Apparently, Malcolm Turnbull hates Australia. Or so you might believe if you’d picked up a copy of Sydney’s Daily Telegraph this morning. The online version, which is behind a paywall, carries the headline “How PM is profiting on Aussie failure”. The newspaper itself went with the much starker “Mal’s Bet On Aussies To Lose”. Source: perthnow.com.au Of course, the Tele also ran with “Australia Needs Tony”, so make of the politics what you will. But is Turnbull…
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Apparently, Malcolm Turnbull hates Australia.
Or so you might believe if you’d picked up a copy of Sydney’s Daily Telegraph this morning.
The online version, which is behind a paywall, carries the headline “How PM is profiting on Aussie failure”. The newspaper itself went with the much starker “Mal’s Bet On Aussies To Lose”.
Of course, the Tele also ran with “Australia Needs Tony”, so make of the politics what you will.
But is Turnbull really betting on Aussies to lose? And, far more importantly, does it matter? And is it news?
You might recall the Australian Financial Review ran with a similar story last year, around the time the government’s bank tax was being discussed.
I have no love for shorters (traders who ‘bet’ that prices will fall), for the record. If it was my call, I’d ban derivatives, other than those directly tied to physical products (allowing farmers, for example, to get certainty on prices for the next crop). I think shorting is a bastardisation of what the stock markets around the world exist for.
Yes, I’ve heard the academic — and theoretical — arguments for shorting. I respect them. I just don’t think it’s a net positive for markets.
Now, that said, as long as you’re a long term shareholder, you needn’t fear the shorts. Because, if they’re right and share prices fall over the medium-long term, you’d have lost money anyway.
And if they’re wrong, any temporary fall in the share price would be just that… temporary.
There can be some perverse outcomes: in the past some companies have tied debt obligations to market capitalisation. And it can force out nervous or uncertain investors, only to see those theses go ‘bust’ and the shares subsequently rise, leaving those scared shareholders on the sidelines, and missing out on the recovery.
And some shorters — no names, no pack drill — can cause ructions by going public with the short case, either adding to or causing share price declines. (It’s possible for those who own shares to use PR to push share prices up, too, so it’s not just the shorters who are to blame. But human nature is such that people freak out more about the chance of loss, giving shorters an outsized influence.)
But back to the PM. Does he really hate Australia?
No, of course not. And given his total wealth, and the fact that most of it is almost certainly in assets that stand to gain if Australia does well, do you really think he’s betting against the country?
Again, that’s a ‘no’.
Which is smart. Because history isn’t in the corner of the shorter. Yes, shorting will pay off when markets fall. And, frankly, if Malcolm Turnbull is worried about what happens to the banks if and when the Australian economy stumbles, he’s not alone.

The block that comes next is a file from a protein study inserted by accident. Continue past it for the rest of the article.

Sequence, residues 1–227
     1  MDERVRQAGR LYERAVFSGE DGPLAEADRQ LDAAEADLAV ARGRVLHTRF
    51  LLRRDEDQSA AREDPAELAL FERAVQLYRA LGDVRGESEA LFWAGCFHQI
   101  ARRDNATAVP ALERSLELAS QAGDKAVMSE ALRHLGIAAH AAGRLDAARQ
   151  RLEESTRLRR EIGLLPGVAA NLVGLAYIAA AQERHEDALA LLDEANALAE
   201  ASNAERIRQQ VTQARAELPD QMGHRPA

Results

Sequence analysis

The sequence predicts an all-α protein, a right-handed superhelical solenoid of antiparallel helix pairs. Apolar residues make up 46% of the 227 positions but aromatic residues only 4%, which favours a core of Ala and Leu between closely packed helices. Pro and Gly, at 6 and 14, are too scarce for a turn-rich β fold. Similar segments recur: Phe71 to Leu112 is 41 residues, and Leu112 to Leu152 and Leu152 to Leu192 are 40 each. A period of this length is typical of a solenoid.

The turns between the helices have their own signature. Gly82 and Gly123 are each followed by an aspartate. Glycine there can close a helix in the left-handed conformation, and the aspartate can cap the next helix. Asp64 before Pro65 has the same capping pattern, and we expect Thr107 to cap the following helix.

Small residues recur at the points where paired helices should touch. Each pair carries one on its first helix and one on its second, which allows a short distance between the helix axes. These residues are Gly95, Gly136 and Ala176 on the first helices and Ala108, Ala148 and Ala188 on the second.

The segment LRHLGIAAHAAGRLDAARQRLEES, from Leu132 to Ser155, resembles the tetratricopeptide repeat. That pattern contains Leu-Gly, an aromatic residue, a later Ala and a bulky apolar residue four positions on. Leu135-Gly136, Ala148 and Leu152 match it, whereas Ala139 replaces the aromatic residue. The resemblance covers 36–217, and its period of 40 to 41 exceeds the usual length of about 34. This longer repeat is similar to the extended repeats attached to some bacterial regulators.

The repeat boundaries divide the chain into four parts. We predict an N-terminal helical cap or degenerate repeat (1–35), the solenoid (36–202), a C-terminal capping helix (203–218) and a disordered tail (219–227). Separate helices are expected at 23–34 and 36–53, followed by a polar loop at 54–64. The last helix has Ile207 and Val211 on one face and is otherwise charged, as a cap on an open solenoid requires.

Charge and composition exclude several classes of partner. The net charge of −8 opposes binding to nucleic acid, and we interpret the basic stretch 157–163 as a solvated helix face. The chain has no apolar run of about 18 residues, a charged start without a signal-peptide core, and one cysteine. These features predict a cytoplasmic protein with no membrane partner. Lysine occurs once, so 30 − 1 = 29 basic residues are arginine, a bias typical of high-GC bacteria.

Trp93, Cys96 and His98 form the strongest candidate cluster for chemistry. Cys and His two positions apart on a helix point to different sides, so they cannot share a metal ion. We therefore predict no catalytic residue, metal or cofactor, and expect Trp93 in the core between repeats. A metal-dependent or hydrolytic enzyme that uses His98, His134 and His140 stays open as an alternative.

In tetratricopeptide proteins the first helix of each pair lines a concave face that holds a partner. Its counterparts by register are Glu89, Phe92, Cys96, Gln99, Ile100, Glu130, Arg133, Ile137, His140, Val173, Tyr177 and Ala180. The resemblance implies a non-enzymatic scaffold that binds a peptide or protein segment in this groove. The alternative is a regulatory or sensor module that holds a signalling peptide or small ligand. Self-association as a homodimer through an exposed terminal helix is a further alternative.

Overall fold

But how often do markets fall? And by how much?
Now, contrast that against how frequently the rise. And by how much.
It’s okay: I’ve done the work for you. Actually, Vanguard has. I’m just taking the credit.
Over the 30 years to June 30 last year, the ASX is up 8.4%, per annum, on average. That’s enough to turn a hypothetical $10,000 into more than $115,000. And that’s despite the dot.com bust, the mining bust and, yes, the GFC.
Maybe Mal is smart enough to be able to just buy at the bottom and sell at the top (or short and the top and ‘cover’ at the bottom). Though I’d classify someone who can do that regularly as either lying or lucky. You choose.
He’s not claiming any such thing, of course. And by all reports, he’s investing in funds with good track records of success, and that contain both ‘long’ and ‘short’ investments. It’s not for me, but he’s entitled to make those investments.
Now Malcolm, we’re not allowed to give personal advice. But if a hypothetical Australian Prime Minister was reading this (and why wouldn’t he be), there’s a lot less political pain — and very potentially, more financial gain — in going long and staying long. Yes, there’ll be volatility, but you’ll save on fees, and harness the full upside when things go well — as they usually — and overwhelmingly — do.
So here’s a chance to get the Tele off your back and put history on your side.
P.S. It also turns out that I run a market-beating investment service. I’ll bet a membership costs (much) less than the fees you’re paying the fund managers, Malcolm. And I’m beating the market. If you join us, we’ll promise complete confidentiality, and you might just do better than you are now. I’ll even offer you the same deal as I’m offering regular readers of Take Stock. (If you’re not Malcolm Turnbull and you’re reading this, join us! You never know… you might have a certain Point Piper millionaire as a fellow member, soon.)